An Overview of the Schedule Compliance Risk Assessment Methodology (SCRAM)
Image Credit: Office of the Director of National Intelligence (DNI)

Posted: February 10, 2016 | By: Adrian Pitman, Elizabeth K. Clark, Brad Clark, Angela Tuffley

Schedule slippage is an unfortunate reality for many large development programs. The Australian Defence Materiel Organisation Schedule Compliance Risk Assessment Methodology (SCRAM) provides a framework for identifying and communicating the root causes of schedule slippage and recommendations for going forward to Program and Executive-level management. It is based on a repeatable process that uses a root cause analysis of schedule slippage model to locate factors that impact program schedule along with a “health check” of the documented schedule, assessing its preparation and probability distribution of completion dates. SCRAM can be used at the commencement of a program to validate a proposed schedule and identify potential risks, during program execution as a “health check”, or as a diagnostic tool to identify root causes when schedule slippage occurs. To date, SCRAM has been applied to a number of major development acquisition programs in Australia and the United States. According to one documented report, seventy-eight percent of US Department of Defense Programs have experienced some form of schedule slippage [1]. Schedule slippage is a symptom of any number of problems or causes occurring on a project. Examples include:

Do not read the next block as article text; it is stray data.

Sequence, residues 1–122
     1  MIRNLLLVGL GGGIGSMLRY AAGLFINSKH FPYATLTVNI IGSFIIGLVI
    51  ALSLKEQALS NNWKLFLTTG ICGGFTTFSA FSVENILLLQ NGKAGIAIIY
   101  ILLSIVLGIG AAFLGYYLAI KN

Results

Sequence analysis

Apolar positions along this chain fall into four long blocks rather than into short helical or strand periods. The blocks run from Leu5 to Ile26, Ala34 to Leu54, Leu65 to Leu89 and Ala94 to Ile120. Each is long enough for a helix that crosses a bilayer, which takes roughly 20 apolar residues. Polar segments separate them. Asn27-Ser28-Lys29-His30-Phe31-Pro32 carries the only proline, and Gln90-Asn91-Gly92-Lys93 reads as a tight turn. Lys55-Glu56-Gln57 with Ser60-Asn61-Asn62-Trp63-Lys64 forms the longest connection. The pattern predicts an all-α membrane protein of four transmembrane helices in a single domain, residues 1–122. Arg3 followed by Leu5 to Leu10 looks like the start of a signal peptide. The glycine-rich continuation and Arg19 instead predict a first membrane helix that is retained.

Optimistic, unrealistic estimates Conflicting views among stakeholders
Evolving or unstable requirements Poor subcontractor performance
Use of immature technology Dependencies not realized and/or often not scheduled
Poor monitoring of changing workloads Poor quality work leading to unanticipated
or unplanned rework
Incurring Technical Debt with no plans to repay Inadequate staffing
Lack of adequate planning and preparation for System Integration Artificially imposed deadlines
Poorly constructed schedules Lack of Technical Progression
Poor management communication Lower than estimated productivity

Trying to identify root causes of schedule slippage is not always easy but is necessary if schedule slippage is to be remedied and managed.

This paper introduces the Schedule Compliance Risk Assessment Methodology (SCRAM) used by the Australian Defence Materiel Organisation (DMO) to identify and quantify risk to schedule compliance. SCRAM is an assessment approach and product suite developed by the authors and funded by the Australian DMO to facilitate remediation of troubled acquisition projects.

This paper describes the Root Cause Analysis of Schedule Slippage (RCASS) model used in SCRAM. Next the techniques used in SCRAM to estimate the most likely schedule completion date are discussed; these include Monte Carlo Schedule Risk Analysis and Parametric Software Modeling. Finally the methodology for collecting, organizing and communicating information is briefly described.

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